So, for example, if your business has reached market saturation and you need to diversify to survive, your corporate level strategy would be to spread to new markets. That becomes the guiding force for everything your business does from now on.
So, you know that your business needs to break into new markets to survive (hence your corporate level strategy). Your business level strategy translates that direction into more actionable goals. Think of it as the how to the corporate level strategy’s what.
Continuing with the diversification-into-new-markets example, the business level strategies that support this goal (this corporate level strategy) would be:
Basically, your business level strategies are the broad strokes for how you’re going to achieve the goal set at the corporate level. Those broad strokes then influence what you do at the next level.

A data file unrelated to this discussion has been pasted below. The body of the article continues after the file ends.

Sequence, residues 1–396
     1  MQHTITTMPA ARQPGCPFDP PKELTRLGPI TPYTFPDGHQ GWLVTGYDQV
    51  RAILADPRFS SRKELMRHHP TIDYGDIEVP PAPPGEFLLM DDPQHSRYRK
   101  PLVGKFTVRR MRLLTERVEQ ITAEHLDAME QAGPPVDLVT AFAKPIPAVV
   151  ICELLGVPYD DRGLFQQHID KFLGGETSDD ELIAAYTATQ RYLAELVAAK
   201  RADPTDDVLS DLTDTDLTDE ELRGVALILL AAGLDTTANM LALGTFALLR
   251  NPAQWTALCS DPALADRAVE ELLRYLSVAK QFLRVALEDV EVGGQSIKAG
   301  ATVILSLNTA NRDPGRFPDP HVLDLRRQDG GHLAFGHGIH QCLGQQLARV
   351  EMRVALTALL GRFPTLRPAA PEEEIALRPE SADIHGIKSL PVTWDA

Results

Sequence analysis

Functional level strategies are the actions and goals assigned to departments and individuals that support your business level strategy. These are the smallest components of the planning pyramid but are the foundation on which the success of your strategy lies.
Functional level strategies will be specific and will apply to a variety of functional areas (departments). For example, building on the diversification example, the functional level strategies that support that business level strategy might be:
Corporate level strategies are aimed at the long-term rather than the short-term. You may formulate them quickly, but their implementation and completion will take much longer.
Corporate levels strategies are, by nature, uncertain. That’s because they are extremely broad and often incorporate a great many moving parts (the success of your departments, the market, your competition, the economy, etc.).